School is a much-needed escape. However, it doesn’t last forever. The closer they get to the house, the slower they walk. Every inch of them hopes she’ll be in a good mood. Their stomach drops as their critical turns. Once the door closes, she turns, hair a mess, face flushed, eyes filled with rage. As soon as the door clicks shut, she starts screaming. The sound of anger and hate fills their ears, and they hear ringing. They focus on their breathing, hoping the screaming ends soon.

Unexpectedly, a hand makes contact with their cheek. They look up, eyes tearing up. The anger hasn’t left her eyes. The second slap misses them as they duck under her arm. She screams after them. As soon as they make it to their room, they push a chair against their door. She’s still yelling. There are a few crashes of objects hitting the floor and shattering. Eventually, she stomps out the door, and her car rolls out of the driveway. The salt from their tears causes their cheek to sting more. Yet, it feels good to sit in pain. 

They slip in and out of restless sleep. A loud banging starts at the door. Cashus get up and carefully creeps down the stairs. Mom would use her key, so there’s no way it could be her. Blue and red lights flash through the house’s windows and dance around the room. Police lights. They feel a knot form in their stomach. The last time the police came to their home, she was dead. They release a breath and throw the door open. Standing a head above the young figure is a man in a uniform. He clears his throat.

“Do you know this woman?” He pulls out a wallet and holds up the ID. They nod. It’s their mom’s ID. He swallows. “I hate to be the one to tell you, but your mother died in a car accident. She was drunk.” Their mouth begins to resemble a desert. They stare at him, mouth agape, unsure how to react.

“How old are you?”

“Two weeks from 18.”

“I see. That means social services won’t have to take you.” They nod and begin to close the door. They slid down the door and lay there with a blank face. What now?

The following day the usual movements of the day continue. However, a weird numbness sets over them. Although, per usual, no one talks to them, this is more welcomed than regular. 

Three people wait for them when they return home. One of them introduces themself as a lawyer here to read her will. They nod and invite the three inside. Since their sister is gone, everything is theirs. The house, the last of their mom’s money, and anything else belongs to them. So after a quick signature and some mostly ignored tea, the three are on their way.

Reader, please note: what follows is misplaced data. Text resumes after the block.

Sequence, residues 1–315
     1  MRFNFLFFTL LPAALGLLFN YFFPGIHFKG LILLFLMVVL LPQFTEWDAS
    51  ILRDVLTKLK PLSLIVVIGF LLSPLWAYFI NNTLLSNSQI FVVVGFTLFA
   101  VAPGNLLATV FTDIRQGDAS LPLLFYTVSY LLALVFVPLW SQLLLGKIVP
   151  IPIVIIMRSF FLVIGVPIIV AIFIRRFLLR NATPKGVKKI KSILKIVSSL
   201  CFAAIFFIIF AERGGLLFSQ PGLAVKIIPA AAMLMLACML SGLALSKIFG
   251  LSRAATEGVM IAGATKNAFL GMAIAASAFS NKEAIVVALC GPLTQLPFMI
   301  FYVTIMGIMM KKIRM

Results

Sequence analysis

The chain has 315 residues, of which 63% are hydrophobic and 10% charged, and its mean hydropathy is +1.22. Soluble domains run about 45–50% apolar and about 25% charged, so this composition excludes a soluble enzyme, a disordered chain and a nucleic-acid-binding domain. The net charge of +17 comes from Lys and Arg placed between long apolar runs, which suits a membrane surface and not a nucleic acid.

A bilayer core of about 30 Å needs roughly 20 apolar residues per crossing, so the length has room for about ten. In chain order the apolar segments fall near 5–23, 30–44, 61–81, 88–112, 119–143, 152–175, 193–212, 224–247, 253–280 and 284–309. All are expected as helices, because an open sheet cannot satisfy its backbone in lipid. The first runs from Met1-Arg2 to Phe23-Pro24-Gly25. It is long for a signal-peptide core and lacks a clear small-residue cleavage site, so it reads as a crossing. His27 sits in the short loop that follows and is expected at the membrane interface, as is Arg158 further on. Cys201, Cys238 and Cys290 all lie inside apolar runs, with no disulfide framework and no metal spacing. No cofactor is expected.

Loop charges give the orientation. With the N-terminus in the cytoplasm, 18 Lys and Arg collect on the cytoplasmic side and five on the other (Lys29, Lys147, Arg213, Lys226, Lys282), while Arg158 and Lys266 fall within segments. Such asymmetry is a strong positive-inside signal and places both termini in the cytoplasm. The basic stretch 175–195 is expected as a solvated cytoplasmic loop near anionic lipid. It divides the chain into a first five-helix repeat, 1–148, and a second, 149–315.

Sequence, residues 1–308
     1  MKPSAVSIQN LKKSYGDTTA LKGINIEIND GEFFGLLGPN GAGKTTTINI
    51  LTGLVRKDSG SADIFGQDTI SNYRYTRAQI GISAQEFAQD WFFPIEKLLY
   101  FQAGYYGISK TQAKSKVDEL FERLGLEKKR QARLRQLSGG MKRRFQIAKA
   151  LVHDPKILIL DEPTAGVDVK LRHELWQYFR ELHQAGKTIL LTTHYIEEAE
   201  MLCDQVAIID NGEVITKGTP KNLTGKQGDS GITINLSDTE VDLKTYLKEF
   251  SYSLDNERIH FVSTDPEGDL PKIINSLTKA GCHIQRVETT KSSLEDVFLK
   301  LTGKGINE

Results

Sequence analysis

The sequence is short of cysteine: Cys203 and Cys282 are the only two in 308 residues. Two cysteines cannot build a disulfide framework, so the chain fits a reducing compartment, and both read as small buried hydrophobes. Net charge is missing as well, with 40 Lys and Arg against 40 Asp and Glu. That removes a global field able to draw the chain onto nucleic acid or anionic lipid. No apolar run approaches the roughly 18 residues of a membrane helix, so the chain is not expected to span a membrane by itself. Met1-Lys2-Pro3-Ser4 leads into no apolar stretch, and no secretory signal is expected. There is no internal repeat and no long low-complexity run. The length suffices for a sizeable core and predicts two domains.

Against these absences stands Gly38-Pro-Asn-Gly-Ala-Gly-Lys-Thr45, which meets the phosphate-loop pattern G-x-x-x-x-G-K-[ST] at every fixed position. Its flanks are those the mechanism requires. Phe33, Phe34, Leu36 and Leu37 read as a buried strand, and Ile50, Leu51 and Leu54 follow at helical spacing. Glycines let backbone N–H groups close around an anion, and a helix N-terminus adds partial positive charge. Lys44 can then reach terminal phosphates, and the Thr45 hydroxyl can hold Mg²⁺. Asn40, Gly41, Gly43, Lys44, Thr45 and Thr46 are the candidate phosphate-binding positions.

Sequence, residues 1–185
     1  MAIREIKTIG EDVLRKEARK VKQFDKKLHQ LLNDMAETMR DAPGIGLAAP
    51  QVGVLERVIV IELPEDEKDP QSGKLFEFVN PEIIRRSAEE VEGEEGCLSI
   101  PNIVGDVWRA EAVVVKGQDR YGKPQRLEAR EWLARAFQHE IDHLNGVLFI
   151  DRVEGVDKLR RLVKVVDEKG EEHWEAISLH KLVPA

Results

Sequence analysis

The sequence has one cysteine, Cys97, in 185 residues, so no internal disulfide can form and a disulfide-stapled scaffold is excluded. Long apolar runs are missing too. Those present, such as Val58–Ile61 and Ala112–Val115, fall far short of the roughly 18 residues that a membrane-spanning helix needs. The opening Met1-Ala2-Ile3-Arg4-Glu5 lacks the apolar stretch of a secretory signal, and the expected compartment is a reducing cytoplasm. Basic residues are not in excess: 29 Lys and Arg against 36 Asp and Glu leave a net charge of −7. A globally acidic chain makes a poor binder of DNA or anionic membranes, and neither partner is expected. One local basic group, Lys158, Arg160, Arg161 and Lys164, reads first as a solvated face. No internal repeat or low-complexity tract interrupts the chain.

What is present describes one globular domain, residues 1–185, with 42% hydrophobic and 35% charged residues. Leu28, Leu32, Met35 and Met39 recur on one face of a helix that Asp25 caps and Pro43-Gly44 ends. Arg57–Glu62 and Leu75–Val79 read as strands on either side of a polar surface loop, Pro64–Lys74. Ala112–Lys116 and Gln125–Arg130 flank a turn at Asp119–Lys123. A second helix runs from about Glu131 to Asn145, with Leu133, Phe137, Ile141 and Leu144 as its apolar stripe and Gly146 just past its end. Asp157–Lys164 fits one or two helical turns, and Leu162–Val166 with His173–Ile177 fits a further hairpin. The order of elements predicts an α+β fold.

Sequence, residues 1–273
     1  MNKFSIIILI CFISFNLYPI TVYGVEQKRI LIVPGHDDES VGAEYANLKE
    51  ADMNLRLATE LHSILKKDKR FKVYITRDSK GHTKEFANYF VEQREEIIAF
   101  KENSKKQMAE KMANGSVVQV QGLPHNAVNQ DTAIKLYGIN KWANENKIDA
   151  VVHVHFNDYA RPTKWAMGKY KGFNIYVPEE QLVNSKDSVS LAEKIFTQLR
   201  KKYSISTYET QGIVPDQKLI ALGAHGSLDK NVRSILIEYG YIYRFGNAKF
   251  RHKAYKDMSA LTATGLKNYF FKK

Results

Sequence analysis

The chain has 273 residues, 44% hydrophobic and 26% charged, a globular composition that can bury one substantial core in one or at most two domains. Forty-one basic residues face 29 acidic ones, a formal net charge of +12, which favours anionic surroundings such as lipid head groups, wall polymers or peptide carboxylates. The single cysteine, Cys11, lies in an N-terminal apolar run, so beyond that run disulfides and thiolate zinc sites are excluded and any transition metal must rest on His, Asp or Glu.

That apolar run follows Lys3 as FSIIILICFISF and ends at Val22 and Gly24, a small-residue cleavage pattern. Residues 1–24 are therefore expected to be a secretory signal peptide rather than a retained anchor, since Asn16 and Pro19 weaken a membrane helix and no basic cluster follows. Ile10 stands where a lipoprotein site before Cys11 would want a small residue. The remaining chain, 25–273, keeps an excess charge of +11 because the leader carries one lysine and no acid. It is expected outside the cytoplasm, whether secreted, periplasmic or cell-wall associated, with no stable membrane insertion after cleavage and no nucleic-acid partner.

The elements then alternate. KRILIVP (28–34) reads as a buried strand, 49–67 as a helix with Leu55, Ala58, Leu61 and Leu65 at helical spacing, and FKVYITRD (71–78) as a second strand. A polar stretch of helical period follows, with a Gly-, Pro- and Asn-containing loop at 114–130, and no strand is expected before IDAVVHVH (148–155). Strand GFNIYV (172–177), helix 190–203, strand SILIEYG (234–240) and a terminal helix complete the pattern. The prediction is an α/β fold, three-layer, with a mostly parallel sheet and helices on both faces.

They leave the young person sets up to do the night’s homework. There’s no one to hide from anymore, so they set up at the kitchen table. It’s a peaceful scene. Once they’ve nearly reached the end of their homework, their pencil jerks, leaving a dark mark on their page. The pencil begins to shake violently. They drop it, and it continues to vibrate on the floor. It rolls across the table and drops on the floor. They stare at it and then reach to pick it up. It continues to move away from them. They follow it out of the kitchen and to the couch. The bowl left two days ago is still there. They look at the bowl and reminisce on all that’s happened. 

A vast crash comes from the kitchen. Cashus turns to look. Peaking through the kitchen door, they can see the remnants of mugs scattered all over the kitchen. They step into the kitchen. In the middle of all the debris is the cup they handed their mother not so long ago. They try to swallow the quickly growing lump in their throat. They move to clean it up. 

After that, it is a tranquil evening. The next day goes similarly, and so does the day after that. With graduation around the corner, there’s a lot to consider. Standard forms quickly: school, homework, clean, cook, deal with the ghost, then go to bed. The addition of the new spirit isn’t appreciated, but it’s tolerable. The ghost mostly moves things around. The most dramatic was the destruction of the mugs, at least until it wasn’t.

Focused on homework, they don’t notice it beginning again. Cashus scribbles down the answer to the formula as the pencil starts to shake. This time Cashus tightens their grip and try to keep writing. Similarly, the pencil twists, making it impossible for them to write. They finally drop the pencil. It continues to shake, but this time it doesn’t roll away. Their stomach drops as the pencil slowly inches close and closer. Cashus gets up and steps back, but the pencil follows. They duck, the pencil barely missing them. Turning around, they see the pencil now buried in the cabinet. A chill runs down their spine—something wooshes past their ear, and glass shatters on the wall inches from their head. 

They turn again, and just for a moment, they both are standing there: their mom and their sister. Not only did she stay here in death, but their mom did too. Their eyes widen, breaking out into a cold sweat. They hurriedly run to their room. She isn’t a simple poltergeist this time. Their mom is back to finish what she started. They feel her following them up the stairs. They speed up and slam the door behind them. She needs to go, but how. A quick search on the world wide web takes them to the website of a pagan witch who specializes in ghosts. They frantically type out a message:


My mother recently passed away. The two of us weren’t close, and she died in a traumatic way. I’m concerned she’s stayed to torment me longer. Please help! Thank you

Not even a minute goes by before she responds. She asks when the possible ghost died, what happened to make to raise suspicions, and if they’ve had any previous experiences with spirits. They tell her everything, the pencils, the glass, how they saw her, and how my sister has been with them since she died. She seems intrigued and asks to come over as soon as possible. They agree, she’ll come over tomorrow. 

 Cashus retires to their room, anticipating daybreak so this nightmare might finally be over.